In episode 4, the role of faith – trust – is once again underlined. Luke has not yet developed the ability to see “the ascended masters”, move objects, or know the future, and so what he sees of the Force’s power is more limited. He observes Obi-Wan’s Jedi “mind-trick” when confronted by a storm trooper, and begins his warrior training when he learns to fight a combat training droid without seeing it.
His mastery of the Force becomes visible when he blows up the Death Star, without computer assistance. It underlined a theme that in the early 1980s was only in its infancy: mankind’s reliance on more and more technology, in which the “old ways” are slowly being forgotten. It is visualised in a confrontation between an Imperial officer and Darth Vader, in which the latter’s ancient religion is ridiculed by one of the Imperial officers as inadequate next to the technological power of the Death Star – the ultimate technology, which nevertheless is only able to destroy.
Throughout episode 4, Vader appears to be an anachronism in the Empire, as no one else seems to believe in the mystical dimension he does; his faith is a peculiarity in the otherwise secularized and technology-driven Empire. As Governor Tarkin puts it: “The Jedi are extinct; their fire has gone out in the universe. You, my friend, are all that is left of their religion.” It is indeed an anachronism that virtually the sole incorporation of the Force – and evidence of its power – are originally Darth Vader –with Emperor Palpatine gaining a primary role only later in the saga. By episode 5, we see that not Luke’s power has grown, but that Darth Vader’s prominence in the Emperical line of Command has equally increased. From a private project by the Emperor, he has now been given “line management” of some of the Imperial Troops, on his ascent to becoming the successor of Darth Sidious – and the future Emperor.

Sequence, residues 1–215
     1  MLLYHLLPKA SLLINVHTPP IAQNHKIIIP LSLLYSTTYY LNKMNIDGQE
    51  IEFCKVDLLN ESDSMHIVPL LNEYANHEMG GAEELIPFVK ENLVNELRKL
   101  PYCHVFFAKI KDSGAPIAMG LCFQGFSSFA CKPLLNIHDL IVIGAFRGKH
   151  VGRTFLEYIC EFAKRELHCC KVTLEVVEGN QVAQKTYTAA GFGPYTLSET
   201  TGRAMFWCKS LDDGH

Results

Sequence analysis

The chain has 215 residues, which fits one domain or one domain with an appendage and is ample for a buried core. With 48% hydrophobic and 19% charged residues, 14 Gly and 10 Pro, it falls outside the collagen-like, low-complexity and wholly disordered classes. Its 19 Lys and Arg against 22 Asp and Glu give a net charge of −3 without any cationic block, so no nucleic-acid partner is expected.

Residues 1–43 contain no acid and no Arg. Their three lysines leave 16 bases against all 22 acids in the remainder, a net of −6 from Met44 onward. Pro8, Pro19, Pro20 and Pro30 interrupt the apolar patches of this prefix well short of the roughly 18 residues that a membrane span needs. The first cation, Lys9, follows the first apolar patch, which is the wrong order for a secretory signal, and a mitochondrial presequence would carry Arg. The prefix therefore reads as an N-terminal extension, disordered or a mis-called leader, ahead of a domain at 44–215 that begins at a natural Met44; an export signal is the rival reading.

For a long time, Luke, like his father, lacks the total belief required to be a Jedi; when he says it is impossible to lift his ship out of the Dagobah swamp and Yoda does it for him, he can only say “I don’t believe it!” to which master Yoda replies: “That is why you fail.”
The possibility that they may feel in Luke’s education and that history will repeat itself is always there – and everyone is aware of it. Like Anakin has lost his hand in episode 2, so does Luke lose his in episode 5 – whereby Vader loses his mechanical hand once again in episode 6. At this moment, the Emperor exhorts Luke to kill Vader and “take your father’s place at my side.” It is now that Luke throws down his weapon. “I am a Jedi, like my father before me,” he says. He is able to come to this decision, as he sees himself about to suffer the same fate as his father; in particular, he looks at the stump of Vader’s electronic hand and then at his own machine hand which he was given. It is the recognition that “Time” has pencilled out the same course, and both father and son are at a junction. Whereas the Force has made sure that the path of father and son can be repeated, Luke, like Neo in the Matrix, realises that he needs to act differently – think outside of the box, so that history will not repeat itself.
Luke shows his mastery of the Force by throwing away his sword. Rather than a fighting hero, typified by the Archangel Michael slaying the dragon, Luke triumphs by letting the Force work through him. It is exactly the same component that is present in the final Neo-Smith fight in the Matrix, whereby both forces realise that their battle can continue indefinitely – unless some changes tactics and realises that letting the Dark Side take control so that it can be destroyed passively, may be the only way to succeed.